The much anticipated latest reading on consumer confidence, which was issued shortly after today’s market opening, was slightly lower than economists were expecting. Indeed, the Consumer Confidence Index, a monthly survey based on a probability design random sample conducted by The Conference Board, fell modestly in February from the downwardly revised January figure.
Specifically, the Consumer Confidence Index fell from 79.4 in January to 78.1 in the current month—economists had expected the index to come in around 80.0. This latest reading is a bit disappointing, as the consumer accounts for the largest portion of the nation’s economic output. The index is closely watched by economists because it provides a monthly gauge of how Americans are feeling about their jobs, incomes and other essential issues.
However, when broken down further, the consumer confidence report did give some hope that the economy will strengthen in 2014, even if the performance in the current quarter, which will likely be hurt by weather-related issues, is weaker than the final six months of 2013. Specifically, the Present Situation Index (which climbed from 77.3 to 81.7 in the latest month) is now at its highest level in almost six years. This suggests that consumers believe the economy has improved, but they do not foresee it gaining considerable momentum in the months ahead. Also in the latest report, those claiming business conditions are “good” rose to 21.5% from 20.8% in January, while those claiming business conditions are “bad” fell to 22.6% from 23.4%.
According to Lynn Franco, Director of The Conference Board Consumer Research Group, “Consumer confidence declined moderately in February on concerns over the short-term outlook for business conditions, jobs, and earnings,” but she also noted that “while expectations have fluctuated over recent months, current conditions have continued to trend upward.” All in all, consumers seem to be feeling a bit better about their present situations, as an appraisal of current conditions improved for the fourth consecutive month.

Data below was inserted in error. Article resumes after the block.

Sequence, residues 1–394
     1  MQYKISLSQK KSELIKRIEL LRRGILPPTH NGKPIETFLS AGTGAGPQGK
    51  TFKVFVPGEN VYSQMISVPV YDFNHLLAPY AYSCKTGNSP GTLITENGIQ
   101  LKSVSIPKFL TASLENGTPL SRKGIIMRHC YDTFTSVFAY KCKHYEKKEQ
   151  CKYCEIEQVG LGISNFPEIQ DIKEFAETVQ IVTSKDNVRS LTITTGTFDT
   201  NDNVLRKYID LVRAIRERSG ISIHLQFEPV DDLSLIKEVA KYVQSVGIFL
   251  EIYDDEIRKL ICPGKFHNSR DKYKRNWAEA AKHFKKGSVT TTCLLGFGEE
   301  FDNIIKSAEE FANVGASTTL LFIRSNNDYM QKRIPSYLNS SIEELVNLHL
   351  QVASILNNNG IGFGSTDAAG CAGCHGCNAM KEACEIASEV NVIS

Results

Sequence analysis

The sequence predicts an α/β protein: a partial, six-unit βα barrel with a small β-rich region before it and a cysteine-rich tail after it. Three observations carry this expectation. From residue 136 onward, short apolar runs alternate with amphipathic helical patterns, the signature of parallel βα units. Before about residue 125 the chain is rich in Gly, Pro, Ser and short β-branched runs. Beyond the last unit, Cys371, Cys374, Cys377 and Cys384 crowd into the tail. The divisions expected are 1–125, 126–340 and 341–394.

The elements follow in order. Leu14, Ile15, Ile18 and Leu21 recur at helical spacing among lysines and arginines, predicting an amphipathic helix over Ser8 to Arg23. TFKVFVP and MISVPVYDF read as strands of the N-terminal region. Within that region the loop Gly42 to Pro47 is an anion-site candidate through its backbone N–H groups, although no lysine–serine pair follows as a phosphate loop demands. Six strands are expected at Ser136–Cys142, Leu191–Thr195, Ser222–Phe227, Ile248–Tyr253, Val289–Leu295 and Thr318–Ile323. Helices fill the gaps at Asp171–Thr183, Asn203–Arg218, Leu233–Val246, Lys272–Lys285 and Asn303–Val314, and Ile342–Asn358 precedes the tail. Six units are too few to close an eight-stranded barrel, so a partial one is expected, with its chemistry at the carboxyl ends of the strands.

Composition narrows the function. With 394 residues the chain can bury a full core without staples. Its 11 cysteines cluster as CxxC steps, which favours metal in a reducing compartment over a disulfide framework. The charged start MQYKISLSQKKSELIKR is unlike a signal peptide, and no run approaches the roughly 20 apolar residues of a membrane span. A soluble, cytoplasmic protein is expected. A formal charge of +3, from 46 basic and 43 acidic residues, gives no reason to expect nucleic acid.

Nevertheless, we think investors should closely monitor the consumer confidence data for both March and April, as it will provide a better gauge as to whether the slight slippage in the consumer confidence the last few months was a result of a slowdown in jobs creation due to the nasty winter weather that has blanketed much of the country for the first two months of the new year. The health of the job market, which many pundits think will improve as the year progresses, tends to have a big impact on the psyche of the consumer. Our sense is that with inflationary pressures still very much in check, we would not be surprised if consumer confidence strengthens over the course of 2014, especially when the impact of the severe winter weather conditions—which also has caused heating costs to jump in recent months—are clearly in the rearview mirror. Too, we think this latest data on the consumer, which is heavily scrutinized by the Federal Reserve during its monetary policy discussions, will not deter the central bank from continuing its bond-buying tapering.
At the time of this article’s writing, the author did not have positions in any of the companies mentioned.